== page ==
How do I do this?

I am preparing a computer science slide presentation and (as I am sane) do not want to use Powerpoint.

So I have been using LyX and the Beamer class.

The slides look great. But how do I add notes?

If I add notes “by hand” e.g. \note{Here is a note} – I see nothing in the PDFs.

And if I use the LyX “Noteitem” I get something like this “Note: Here is a note” on screen, but again nothing in the PDFs.

What am I doing wrong? I have looked at the LyX wiki and it is not illuminating.

Anyone got any thoughts on the LaTeX companion?

Should I shell out £23 for The Latex Companion to ensure I can most effectively write my documents and design my slides for university? I have The LATEX Graphics Companion and there is no doubt it is a good book, but the number of books I could buy increases exponentially the more I think about the work I need to do. So, anyone have any practical experience with the book’s usefulness to a computer science research student with a middling level of LaTeX experience, who is likely to use LyX for a lot of his work?

LaTeX w00t!

I owe Professor Paul A. Rubin another apology – turns out I can display LaTeX natively in a wordpress.com blog after all – as the following wave equation shows:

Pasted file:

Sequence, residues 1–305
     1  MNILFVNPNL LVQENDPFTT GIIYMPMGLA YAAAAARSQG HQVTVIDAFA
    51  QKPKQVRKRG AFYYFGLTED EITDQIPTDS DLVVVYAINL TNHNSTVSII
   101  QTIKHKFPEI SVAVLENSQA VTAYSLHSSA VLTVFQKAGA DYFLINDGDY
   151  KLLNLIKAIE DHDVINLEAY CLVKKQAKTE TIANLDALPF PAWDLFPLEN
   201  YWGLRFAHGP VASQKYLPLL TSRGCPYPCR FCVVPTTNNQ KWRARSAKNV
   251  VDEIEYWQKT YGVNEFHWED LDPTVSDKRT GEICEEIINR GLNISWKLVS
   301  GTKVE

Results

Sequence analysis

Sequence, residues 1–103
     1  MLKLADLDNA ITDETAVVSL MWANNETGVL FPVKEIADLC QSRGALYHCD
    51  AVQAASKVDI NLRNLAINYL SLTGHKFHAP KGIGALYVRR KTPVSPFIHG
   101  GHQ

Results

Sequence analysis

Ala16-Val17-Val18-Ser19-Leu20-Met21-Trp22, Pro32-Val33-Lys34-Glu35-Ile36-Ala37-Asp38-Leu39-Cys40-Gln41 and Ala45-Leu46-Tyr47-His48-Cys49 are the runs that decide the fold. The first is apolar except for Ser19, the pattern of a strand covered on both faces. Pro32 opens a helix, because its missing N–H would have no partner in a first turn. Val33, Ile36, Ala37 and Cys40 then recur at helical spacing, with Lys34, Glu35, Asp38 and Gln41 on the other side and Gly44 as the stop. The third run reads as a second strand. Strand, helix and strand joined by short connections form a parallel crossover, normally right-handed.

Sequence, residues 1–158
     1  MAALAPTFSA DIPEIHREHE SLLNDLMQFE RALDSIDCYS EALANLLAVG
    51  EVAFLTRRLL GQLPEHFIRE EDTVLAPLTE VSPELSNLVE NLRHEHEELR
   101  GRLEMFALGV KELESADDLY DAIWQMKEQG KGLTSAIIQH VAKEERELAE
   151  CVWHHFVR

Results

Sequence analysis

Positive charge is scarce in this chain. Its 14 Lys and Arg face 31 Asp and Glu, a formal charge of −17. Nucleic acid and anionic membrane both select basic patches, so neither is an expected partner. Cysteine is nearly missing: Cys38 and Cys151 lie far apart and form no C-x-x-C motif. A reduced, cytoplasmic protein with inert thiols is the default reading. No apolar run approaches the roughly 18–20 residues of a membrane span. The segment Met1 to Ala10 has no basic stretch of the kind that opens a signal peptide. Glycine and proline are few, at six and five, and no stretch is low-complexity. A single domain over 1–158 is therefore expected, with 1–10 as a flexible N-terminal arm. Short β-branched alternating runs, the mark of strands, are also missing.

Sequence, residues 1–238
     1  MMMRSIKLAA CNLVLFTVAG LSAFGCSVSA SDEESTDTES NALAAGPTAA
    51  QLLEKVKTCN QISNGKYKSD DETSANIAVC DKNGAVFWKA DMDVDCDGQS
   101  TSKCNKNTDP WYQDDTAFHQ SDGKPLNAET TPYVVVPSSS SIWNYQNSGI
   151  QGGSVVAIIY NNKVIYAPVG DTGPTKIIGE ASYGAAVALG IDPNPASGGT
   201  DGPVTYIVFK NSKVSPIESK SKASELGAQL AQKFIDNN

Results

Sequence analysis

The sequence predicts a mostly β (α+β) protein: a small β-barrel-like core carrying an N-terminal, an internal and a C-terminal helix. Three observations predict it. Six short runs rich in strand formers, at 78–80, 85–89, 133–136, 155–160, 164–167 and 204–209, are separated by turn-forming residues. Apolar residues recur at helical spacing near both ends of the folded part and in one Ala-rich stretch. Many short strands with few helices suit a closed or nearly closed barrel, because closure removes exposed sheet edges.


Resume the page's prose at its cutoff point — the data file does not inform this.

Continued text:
$i\hbar\frac{\partial}{\partial t}\left|\Psi(t)\right>=H\left|\Psi(t)\right>$

LaTeX frustration…

Anyone who works on software development and in the FOSS world generally is used to seeing books and documentation in English. It is certainly a great advantage to be a fluent speaker and reader.

But it is not always the case – as I have just found out.

Right now I have returned to writing my MSc project proposal and that means back to using the power of LyX and LaTeX. But with great power comes great complexity and it can be tough navigating all of this.

So I discovered there is an O’Reilly “Hacks” book for LaTeX – LaTeX Hacks.

Great! I was going to order it without even bothering to read a review, so sure was I that it would be helpful and useful: until I discovered it was in German and there is no sign of an English translation.

To make matters worse, it seems that the O’Reilly quick reference – LaTeX – is also auf Deutsch.

And there is even 100 neue Latex Hacks

This all has an odd, and unsettling feel to it. A century ago German domination of the physical and mathematical sciences was near-complete. Think of 1905 and Einstein just for starters.

But since the tragedy and disaster of Hitler we are used to thinking of the Germans as great engineers but the US clearly as the world’s leading centre of scientific research. And when a threat to that is identified it is usually seen as being from China (as Barack Obama said only a few weeks ago in his state of the union address). But maybe the LaTeX domination of Germany suggests there is life in the old world yet.

Either that or O’Reilly need to pull their fingers out on translating this stuff.

(The graph shows the numbers of people in EU members states who speak German as a foreign or second language: I did a year of it at High School but would not claim to know much beyond some very basic vocabulary and grammar).